The history of cartography is a vast and complex story of calligraphy, illustration, iconography, typography, and now GPS technology. From Ptolemey’s famous “Geographia” written in the year 150 AD to OnStar Turn-by-Turn navigation the once sacred art of cartography can be enjoyed on any family vacation from the seat of a rental car. However, aircraft pilots still lumber aboard jumbo jets carrying a suitcase full of paper approach charts, maps and other critical information about their flight plan. Steve Matteson worked with an industry leading producer of aviation charts as they adapted typefaces to best display this complex information on screen and print. The resulting comparative readability studies involving professional pilots produced satisfying evidence for improved performance in next generation aviation charts. Heads up display panels, tablet computers and iPads are the future of aviation and this project was a large step in advancing safety and accuracy in cockpit navigation.

11:10am

  • Type in 20:
    25 Years of German Typefaces, and the Revivals Still With Us

    Dan Reynolds
    Around 1890, as Industrial Design formed into a profession, German foundries began hiring external artists to create their new typefaces, instead of developing these in-house. By 1914, the type design profession was established. A virtual Schriftmania seems to have arisen: not only was new type more popular with printers than ever, but calligraphy was added to art school curricula, and the Blackletter/Roman question was even debated in parliament. Today, we still use several designs from this period, including Akzidenz-Grotesk, Korinna, and Venus. Other gems are due for a comeback, like Nordische Antiqua or Breite Grotesk (FF Bau).

11:35am

  • Filing a Historical Blank: A Conspectus of Nineteenth & Twentieth Century Wood Type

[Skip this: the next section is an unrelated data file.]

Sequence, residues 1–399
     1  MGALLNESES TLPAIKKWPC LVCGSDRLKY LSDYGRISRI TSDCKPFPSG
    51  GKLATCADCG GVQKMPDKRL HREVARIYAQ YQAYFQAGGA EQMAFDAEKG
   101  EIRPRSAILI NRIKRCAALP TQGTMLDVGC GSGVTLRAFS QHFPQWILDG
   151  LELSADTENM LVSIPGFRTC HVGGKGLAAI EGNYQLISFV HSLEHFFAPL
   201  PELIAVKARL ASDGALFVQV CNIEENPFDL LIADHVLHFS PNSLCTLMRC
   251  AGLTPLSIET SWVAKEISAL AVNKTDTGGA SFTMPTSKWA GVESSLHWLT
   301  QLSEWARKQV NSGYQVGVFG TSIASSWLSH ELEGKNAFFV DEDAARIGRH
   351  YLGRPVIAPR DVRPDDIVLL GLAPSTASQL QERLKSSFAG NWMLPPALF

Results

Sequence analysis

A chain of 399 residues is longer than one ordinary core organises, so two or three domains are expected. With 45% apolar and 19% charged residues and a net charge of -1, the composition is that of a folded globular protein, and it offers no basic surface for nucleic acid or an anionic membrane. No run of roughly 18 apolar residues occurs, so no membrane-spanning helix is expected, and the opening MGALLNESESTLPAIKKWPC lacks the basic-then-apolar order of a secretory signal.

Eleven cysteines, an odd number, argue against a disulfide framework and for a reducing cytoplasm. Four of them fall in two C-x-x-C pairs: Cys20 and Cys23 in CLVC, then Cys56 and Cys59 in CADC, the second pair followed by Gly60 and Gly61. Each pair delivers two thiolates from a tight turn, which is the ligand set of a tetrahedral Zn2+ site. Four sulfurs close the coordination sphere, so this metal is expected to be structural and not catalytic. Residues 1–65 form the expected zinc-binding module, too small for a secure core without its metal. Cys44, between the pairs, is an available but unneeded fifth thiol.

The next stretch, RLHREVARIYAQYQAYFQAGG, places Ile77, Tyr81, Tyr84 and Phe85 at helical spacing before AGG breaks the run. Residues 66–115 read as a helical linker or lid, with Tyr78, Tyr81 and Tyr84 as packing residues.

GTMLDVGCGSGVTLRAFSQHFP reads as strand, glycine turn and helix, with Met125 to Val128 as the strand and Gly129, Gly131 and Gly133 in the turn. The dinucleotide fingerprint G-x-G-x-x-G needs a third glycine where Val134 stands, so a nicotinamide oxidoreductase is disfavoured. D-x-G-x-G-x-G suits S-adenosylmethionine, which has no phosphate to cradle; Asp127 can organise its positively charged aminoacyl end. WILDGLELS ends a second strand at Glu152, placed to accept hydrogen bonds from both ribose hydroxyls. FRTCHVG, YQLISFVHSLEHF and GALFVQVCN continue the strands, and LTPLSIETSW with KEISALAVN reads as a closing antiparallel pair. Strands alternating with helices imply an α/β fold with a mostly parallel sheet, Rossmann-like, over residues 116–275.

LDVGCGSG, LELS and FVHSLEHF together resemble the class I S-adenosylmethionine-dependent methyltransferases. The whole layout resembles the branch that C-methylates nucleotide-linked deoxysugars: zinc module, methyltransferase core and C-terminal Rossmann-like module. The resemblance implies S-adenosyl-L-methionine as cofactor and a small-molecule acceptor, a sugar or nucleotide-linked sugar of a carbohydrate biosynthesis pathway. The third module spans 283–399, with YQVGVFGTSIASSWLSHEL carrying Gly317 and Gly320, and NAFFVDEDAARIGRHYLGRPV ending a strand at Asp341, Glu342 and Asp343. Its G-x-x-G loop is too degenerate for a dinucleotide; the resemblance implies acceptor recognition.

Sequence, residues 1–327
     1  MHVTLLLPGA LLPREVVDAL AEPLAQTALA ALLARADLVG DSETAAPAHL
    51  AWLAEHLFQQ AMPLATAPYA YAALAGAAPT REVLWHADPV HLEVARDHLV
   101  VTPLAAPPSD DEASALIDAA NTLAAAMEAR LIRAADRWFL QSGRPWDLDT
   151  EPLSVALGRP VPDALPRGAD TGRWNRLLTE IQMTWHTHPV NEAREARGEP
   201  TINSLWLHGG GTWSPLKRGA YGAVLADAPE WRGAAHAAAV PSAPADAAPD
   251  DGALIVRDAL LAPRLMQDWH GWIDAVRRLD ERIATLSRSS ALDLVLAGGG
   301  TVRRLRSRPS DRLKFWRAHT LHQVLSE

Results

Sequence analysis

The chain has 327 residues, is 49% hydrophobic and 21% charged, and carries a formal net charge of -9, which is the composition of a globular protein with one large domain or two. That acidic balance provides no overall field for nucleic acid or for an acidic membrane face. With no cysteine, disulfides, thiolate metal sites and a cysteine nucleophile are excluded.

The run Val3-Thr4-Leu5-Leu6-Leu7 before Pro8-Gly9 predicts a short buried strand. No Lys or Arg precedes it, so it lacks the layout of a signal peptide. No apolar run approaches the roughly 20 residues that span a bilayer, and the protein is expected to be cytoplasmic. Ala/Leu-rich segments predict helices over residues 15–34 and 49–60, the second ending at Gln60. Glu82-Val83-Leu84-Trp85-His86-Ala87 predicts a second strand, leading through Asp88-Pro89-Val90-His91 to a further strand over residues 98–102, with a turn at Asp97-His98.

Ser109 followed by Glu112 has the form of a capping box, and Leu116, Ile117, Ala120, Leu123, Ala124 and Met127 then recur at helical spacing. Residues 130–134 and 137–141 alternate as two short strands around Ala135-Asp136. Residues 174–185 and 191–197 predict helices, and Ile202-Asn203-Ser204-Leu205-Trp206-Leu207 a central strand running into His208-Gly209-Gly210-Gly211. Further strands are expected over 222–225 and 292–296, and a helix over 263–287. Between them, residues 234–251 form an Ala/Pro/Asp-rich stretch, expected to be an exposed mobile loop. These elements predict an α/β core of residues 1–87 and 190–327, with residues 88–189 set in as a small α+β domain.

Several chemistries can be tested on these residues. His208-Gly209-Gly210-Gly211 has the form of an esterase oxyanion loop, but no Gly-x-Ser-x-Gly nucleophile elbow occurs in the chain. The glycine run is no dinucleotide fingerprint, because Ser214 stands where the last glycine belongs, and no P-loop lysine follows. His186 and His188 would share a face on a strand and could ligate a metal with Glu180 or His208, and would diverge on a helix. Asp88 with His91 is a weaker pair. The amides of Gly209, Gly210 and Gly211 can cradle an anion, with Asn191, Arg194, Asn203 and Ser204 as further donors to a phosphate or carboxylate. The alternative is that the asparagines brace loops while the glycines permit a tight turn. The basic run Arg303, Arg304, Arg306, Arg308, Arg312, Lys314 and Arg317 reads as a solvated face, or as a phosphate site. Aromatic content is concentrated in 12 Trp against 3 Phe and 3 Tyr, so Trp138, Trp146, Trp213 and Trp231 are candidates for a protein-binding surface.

David Shields
    This proposal for a main conference program presentation would report on the current state of my research project, the Conspectus of Nineteenth and Twentieth Century Wood Type. The new body of research grows out of my previous work cataloging the Rob Roy Kelly American Wood Type Collection. The substantial work of correcting and updating the inadequate or inaccurate historical information for the types in the Collection has provided the groundwork for this much larger and more ambitious project. Initial phases of the work on the Conspectus include expanding the existing bibliography of known wood type specimen catalogs, indexing the contents of the specimen books and greatly expanding the known wood type manufacturers of the 20th century.

12:15pm

  • Lunch Break

2:00pm

  • Engraving and Type, A Beautiful but Somewhat Dysfunctional Relationship
    Nancy Sharon Collins
    This presentation will explore a chronology of how commercial engravers have interacted with more traditional typographic communities — such as type foundries and publishing houses — and how these relationships are mutually beneficial. Examples will include: Introduction to Hart Engraving — how a small engraving press currently functions; the process through which Steve Matteson and Terrance Weinzierl, Monotype Imaging, created two fonts from historic engravers’ lettering styles; how digital media exponentially changed the technology, and appearance, of legal stationery and branding; how, according to the 1923 American Type Founders Company catalog, ATF blatantly copied traditional engravers’ styles to stimulate new markets. Mr and Mrs Brian Hart own and operate Hart Engraving, the third generation Milwaukee engraving press founded by Brian’s grandparents almost a century ago. Brian will talk about the challenges of maintaining a small engraving company, and demonstrate a hundred year old engraving proofing press that he can continue to operate at various times throughout the conference.